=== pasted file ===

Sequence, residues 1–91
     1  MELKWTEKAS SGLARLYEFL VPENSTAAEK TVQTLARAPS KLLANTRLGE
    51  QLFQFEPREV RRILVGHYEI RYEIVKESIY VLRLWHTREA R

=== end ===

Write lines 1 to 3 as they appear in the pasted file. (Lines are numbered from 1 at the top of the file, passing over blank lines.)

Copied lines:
Sequence, residues 1–91
     1  MELKWTEKAS SGLARLYEFL VPENSTAAEK TVQTLARAPS KLLANTRLGE
    51  QLFQFEPREV RRILVGHYEI RYEIVKESIY VLRLWHTREA R